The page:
“Call your team together for an open discussion of the company’s core values and required behaviors and where you’ve dropped the ball,” advises Julie Miller, co-author of Culture Without Accountability. “Explain that no one will get in trouble for acknowledging their own shortcomings or even pointing out those of others.”

“Set the stage by taking responsibility for your own transgressions,” suggests fellow co-author Brian Bed­­ford. “Finally, explain that things are going to be done differently in the upcoming year. Use this meeting to get consensus on what the core values and behaviors need to be to support the company’s strategies and goals for 2014.”

2. Hold an accountability boot camp early in the year. Help em­ployees understand why accountability is important and what accountable behavior looks like.

“Teach employees how to provide feedback to one another, since this is essential to developing a culture of accountability,” says Bed­­ford. “For leaders, you’ll need training that explains what accountability looks like for them and what they can do to be effective accountability role models.”

3. Create a behavior statement. Everyone needs to understand they will be held responsible not only for the results of their work, but also for how they go about their work.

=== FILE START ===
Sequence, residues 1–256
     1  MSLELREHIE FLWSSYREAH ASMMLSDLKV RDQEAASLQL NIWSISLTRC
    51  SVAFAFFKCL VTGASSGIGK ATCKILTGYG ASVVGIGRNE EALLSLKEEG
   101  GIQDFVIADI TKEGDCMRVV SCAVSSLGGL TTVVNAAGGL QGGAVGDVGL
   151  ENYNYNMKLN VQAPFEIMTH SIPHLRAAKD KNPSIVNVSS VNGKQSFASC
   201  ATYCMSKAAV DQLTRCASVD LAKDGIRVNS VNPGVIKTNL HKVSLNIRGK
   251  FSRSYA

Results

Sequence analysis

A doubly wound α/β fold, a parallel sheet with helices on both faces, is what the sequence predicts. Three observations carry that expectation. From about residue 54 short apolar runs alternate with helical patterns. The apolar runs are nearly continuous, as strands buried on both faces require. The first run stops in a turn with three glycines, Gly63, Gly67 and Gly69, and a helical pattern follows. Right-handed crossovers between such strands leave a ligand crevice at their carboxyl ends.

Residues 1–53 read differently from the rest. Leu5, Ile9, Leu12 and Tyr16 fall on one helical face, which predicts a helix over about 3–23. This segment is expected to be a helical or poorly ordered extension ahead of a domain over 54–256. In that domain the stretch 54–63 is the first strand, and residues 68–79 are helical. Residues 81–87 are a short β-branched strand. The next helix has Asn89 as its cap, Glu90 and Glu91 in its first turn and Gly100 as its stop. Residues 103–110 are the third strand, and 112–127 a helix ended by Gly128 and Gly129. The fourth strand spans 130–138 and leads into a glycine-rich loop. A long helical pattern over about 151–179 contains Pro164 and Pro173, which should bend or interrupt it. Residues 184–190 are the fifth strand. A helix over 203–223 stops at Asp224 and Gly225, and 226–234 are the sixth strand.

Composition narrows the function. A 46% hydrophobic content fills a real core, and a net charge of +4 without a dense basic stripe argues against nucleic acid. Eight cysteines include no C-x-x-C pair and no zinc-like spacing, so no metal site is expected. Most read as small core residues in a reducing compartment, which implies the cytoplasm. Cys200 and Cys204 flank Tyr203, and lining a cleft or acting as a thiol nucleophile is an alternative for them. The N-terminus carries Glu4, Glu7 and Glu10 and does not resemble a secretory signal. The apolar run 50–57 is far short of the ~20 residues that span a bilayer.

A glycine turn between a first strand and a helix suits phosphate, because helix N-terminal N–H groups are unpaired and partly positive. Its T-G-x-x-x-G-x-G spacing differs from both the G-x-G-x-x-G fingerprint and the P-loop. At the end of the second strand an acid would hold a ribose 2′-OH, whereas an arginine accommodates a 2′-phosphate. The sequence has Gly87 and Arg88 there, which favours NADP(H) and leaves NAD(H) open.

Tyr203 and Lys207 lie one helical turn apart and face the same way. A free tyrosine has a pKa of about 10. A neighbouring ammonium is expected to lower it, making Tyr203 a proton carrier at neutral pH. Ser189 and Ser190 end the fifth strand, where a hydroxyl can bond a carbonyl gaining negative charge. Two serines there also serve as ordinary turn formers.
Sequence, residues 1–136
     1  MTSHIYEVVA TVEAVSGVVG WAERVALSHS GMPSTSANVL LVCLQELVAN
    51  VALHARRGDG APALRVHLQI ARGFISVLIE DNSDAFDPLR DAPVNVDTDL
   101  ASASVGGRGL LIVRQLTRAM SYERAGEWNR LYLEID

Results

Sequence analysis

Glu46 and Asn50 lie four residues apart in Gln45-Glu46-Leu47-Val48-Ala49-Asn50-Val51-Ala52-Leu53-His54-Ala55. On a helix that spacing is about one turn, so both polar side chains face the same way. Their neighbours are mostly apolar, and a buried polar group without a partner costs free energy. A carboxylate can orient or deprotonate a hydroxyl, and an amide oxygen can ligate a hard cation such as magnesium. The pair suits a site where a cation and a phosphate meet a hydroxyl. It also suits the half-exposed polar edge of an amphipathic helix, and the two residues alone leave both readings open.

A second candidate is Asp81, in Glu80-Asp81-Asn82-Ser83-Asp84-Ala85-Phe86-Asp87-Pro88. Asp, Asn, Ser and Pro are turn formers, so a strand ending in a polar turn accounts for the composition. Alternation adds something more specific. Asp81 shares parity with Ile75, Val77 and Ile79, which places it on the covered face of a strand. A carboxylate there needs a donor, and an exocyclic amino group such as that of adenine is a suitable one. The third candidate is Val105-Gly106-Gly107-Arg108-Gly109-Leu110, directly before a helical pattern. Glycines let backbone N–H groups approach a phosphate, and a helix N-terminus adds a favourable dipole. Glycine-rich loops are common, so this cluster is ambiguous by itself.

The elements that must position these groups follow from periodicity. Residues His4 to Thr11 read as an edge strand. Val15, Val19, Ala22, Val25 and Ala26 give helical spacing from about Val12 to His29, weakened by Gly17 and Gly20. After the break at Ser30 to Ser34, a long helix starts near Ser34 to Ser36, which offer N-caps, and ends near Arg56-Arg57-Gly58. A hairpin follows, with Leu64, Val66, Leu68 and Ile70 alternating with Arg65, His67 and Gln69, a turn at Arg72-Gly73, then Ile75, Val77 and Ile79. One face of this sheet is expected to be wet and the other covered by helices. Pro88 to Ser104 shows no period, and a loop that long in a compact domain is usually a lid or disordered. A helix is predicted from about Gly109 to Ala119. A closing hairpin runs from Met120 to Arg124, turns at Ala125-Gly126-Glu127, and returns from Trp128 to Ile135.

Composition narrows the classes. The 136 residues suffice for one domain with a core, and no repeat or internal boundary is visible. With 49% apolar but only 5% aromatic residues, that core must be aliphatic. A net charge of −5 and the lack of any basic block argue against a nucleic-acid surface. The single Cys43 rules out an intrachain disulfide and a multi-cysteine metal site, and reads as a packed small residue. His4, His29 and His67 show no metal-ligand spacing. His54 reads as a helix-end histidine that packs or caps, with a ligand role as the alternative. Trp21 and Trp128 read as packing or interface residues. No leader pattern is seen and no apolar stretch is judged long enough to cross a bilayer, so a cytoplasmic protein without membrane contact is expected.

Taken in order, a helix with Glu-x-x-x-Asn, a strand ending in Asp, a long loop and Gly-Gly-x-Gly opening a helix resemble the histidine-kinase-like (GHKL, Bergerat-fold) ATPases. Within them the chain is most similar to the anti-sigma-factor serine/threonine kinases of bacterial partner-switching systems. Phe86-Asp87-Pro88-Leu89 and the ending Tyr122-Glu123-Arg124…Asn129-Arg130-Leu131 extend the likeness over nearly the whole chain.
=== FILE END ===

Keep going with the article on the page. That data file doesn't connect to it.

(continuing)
Behavior statements make it clear what you’re looking for. For example, you might establish accountability behavior statements, such as:  Always do what you say you’ll do. Always tell the truth. Bring issues up as you discover them.

4. Regularly meet and talk it out. Meetings provide an opportunity for management to highlight people who have demonstrated good accountability, as well as to show where things went wrong and what could have been done better. Do this in a way that in­­structs rather than punishes.

5. Don’t promote accountability shirkers. Promotions and salary hikes should be only for those who demonstrate accountability.

“When your employees do well, reward and promote them,” says Miller. “If they don’t do well, apply consequences and make sure they understand that their performance will limit their success and possible progression. Do not promote em­­ployees with problems with accountability, especially if they’ll be moving into a leadership position.”

6. Hire accountable ­people. Weed out the unaccountable by asking key questions during the interview process. Instead of asking about strengths and weaknesses, ask, “If I asked your boss how you demonstrated accountability, what example would he or she give?” Or say, “Share with me a time where you made a big mistake and how you handled it.”

If you’re interviewing a candidate for a leadership position, you might say, “Summarize a difficult conversation you had with an employee who had failed to meet a commitment.” Or, “Describe a situation in which you very clearly held others accountable for their performance and it paid off. How did you do it and what was the outcome?”

7. Monitor your success and make adjustments as needed. “Use regular business meetings to estab­­lish an accountability drumbeat to keep goals and metrics on track so there is a better chance to achieve success,” says Miller. “Reviewing goals at the end of the year and hoping for success will likely end in tears.”